However, the risk with reading (or writing) novels is that you sometimes find yourself reading (or writing) really, really bad ones. With nonfiction, you can still get something from the piece, even if the writing is atrocious. With bad novels, all you can really do is either slog through it just to say you didn’t abandon a book, or leave it behind in a hotel room nightstand drawer next to a Gideon Bible and do your best to pretend it never happened…or both, like I did with The Carrie Diaries. Not sorry at all, Candace Bushnell. That book was terrible. But I feel like I do owe the Gideons an apology.
Anyway, although I’m attempting to spin a lot of different plates in pursuit of a lot of different silly little dreams, for now I’m shifting the largest part of my focus to where it really should be, on my academic work. I wrote last year about my goal of finishing my Ph.D. before I turned 30…that was obviously a bust, but I’m not too broken up about it, because when I laid out that scenario, I didn’t figure in time spent (some might say wasted) in coma-like first trimester sleep. Basically, I didn’t figure a Lavender into my plans–at least, not quite so soon. And now I have a Lavender, and I wouldn’t trade her for anything, not even a Ph.D. before the age of 30. So it’s okay.
Still, I’m determined to finish my Ph.D. this year. Even though I have so many passions competing for my time, education is one of the major ones. There are days that I miss being in a classroom so much it hurts. And what’s even more torturous is that if I wanted to take a teaching job, there are always a whole lot of jobs available in Riyadh. But then I find myself feeling overwhelmingly grateful that whenever Lavender wakes up from a nap, I can pick her up and soothe her, no matter what time of day it is. I am thankful for options.
While my babies are babies, I’ll be staying involved in the education field mostly from behind my laptop screen–or at least, in ways other than holding a full-time perch at the front of my own classroom. I’m fine with that. My amazing mom, who has worked outside the home all her adult life, always told me that if I had the option, I should stay home with my babies, at least until they start school, because otherwise I will feel like I am missing out on their lives. That’s how she felt when my brother and I were little, although we certainly never felt like she missed anything. And I’m sure that doesn’t hold true for all women, and that’s wonderful. Some of the most amazing moms I know (who really have this motherhood stuff figured out much better than me) are women who work outside the home. But I’m feeling how much I take after my mom so far. I want to work, but thinking about putting Lavender in daycare right now makes me feel all clammy. I think I could win an Oscar at this point in my life, because all I have to do to make myself cry is think about leaving her at her first day of school. Five years from now (okay, maybe four). Gah.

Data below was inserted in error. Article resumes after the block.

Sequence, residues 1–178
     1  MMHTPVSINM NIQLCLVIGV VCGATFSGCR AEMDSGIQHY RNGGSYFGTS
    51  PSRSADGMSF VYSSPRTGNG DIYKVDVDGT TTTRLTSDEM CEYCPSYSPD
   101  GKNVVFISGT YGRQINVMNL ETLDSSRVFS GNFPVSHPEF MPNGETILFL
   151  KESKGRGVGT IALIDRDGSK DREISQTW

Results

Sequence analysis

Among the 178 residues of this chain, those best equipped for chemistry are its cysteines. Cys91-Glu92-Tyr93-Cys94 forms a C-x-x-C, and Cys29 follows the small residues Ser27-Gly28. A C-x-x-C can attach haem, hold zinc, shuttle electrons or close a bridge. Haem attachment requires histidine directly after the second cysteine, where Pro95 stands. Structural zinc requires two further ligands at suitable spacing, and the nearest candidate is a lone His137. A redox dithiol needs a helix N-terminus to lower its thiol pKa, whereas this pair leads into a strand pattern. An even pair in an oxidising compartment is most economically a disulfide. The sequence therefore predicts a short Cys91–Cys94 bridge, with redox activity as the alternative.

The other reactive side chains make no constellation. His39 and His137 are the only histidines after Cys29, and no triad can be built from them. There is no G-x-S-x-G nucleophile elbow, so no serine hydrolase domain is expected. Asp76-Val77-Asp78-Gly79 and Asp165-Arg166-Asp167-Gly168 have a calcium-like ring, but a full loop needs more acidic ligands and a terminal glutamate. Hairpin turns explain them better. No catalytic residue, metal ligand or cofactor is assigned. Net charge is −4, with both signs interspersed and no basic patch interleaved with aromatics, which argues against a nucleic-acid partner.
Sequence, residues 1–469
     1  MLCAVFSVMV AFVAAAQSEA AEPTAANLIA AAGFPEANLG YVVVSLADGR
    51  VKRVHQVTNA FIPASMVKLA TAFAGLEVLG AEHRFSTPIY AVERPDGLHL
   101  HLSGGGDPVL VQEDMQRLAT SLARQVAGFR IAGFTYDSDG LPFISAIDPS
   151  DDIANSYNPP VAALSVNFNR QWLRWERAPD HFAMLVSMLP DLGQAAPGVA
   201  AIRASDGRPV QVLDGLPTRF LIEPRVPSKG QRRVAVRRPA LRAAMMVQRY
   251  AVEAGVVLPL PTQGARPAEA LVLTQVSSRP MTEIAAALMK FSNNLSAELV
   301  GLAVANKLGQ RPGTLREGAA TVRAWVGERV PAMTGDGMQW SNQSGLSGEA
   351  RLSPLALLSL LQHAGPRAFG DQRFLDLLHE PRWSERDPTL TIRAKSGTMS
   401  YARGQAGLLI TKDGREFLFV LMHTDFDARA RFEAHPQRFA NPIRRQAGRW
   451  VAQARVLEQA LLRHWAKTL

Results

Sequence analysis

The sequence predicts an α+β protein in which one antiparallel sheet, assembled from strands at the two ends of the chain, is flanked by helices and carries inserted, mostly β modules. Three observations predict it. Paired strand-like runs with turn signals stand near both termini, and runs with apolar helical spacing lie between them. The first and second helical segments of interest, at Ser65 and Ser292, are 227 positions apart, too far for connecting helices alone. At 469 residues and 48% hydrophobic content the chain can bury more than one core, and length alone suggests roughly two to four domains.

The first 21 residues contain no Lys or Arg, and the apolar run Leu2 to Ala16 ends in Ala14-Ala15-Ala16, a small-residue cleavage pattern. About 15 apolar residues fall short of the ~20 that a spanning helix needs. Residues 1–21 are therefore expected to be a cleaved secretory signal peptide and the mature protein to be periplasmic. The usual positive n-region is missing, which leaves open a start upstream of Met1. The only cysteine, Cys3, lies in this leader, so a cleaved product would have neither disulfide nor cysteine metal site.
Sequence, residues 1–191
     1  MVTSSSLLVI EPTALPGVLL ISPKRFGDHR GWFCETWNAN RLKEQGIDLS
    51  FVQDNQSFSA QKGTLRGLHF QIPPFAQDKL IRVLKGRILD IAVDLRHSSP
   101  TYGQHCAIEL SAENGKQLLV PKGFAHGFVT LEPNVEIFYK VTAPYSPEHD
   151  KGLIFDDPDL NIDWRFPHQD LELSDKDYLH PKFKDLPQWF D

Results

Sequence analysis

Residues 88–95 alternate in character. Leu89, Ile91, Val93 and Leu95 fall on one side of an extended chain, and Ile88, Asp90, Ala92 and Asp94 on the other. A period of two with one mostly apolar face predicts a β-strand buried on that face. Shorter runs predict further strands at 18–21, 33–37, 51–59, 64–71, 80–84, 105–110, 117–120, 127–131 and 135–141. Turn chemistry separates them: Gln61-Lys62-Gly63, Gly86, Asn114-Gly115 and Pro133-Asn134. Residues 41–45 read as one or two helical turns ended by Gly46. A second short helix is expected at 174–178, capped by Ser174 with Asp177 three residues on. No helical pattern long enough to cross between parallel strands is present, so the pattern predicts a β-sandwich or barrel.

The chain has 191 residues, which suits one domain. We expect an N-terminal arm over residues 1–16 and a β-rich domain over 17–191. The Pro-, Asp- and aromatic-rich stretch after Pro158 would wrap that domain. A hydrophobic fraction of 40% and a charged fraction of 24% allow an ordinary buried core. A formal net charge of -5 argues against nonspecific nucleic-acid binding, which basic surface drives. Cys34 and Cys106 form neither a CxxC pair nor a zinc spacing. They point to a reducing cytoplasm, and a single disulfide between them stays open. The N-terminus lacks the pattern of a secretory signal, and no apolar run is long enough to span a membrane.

I am totally rambling in this post now, and I feel like I’ve wandered into justifying my life choices to the internet. But I think it says a lot that I feel like I need to do that. I’m sure that there are many who would say that I’m “wasting” my education. But I don’t see it that way at all. I’m terribly grateful that I have options, and if it weren’t for my education, I wouldn’t have them. If it weren’t for my education, I wouldn’t have the option of staying involved with and making a contribution to a field I am passionate about while staying at home with a baby.
I shall say it loud: I’m a WAHM and I’m proud.
(In case you don’t frequent mommyblogs, that’s an acronym for “work-at-home mom.”)
Anyway, does all of this make me lame? I feel like it does, but that may have a lot to do with the fact that I’m currently obsessed with The Mindy Project and although pretty much the only difference between me and Mindy Lahiri is our foundation shades, I feel like my life has no potential to look like Mindy Lahiri’s unless I have a very cool, very established career that gives my life meaning. Would Mindy Lahiri ever be a WAHM? But then again, in the end, all Mindy Lahiri wants is for her life to look like a romantic comedy…and my husband met me in New York so he could propose to me by reenacting the opening scene of Breakfast at Tiffany’s.
So I guess if you combine our lives, Mindy Lahiri and I have it all. But what a boring show that would be, right?
No, I take it back. That show would be effing brilliant.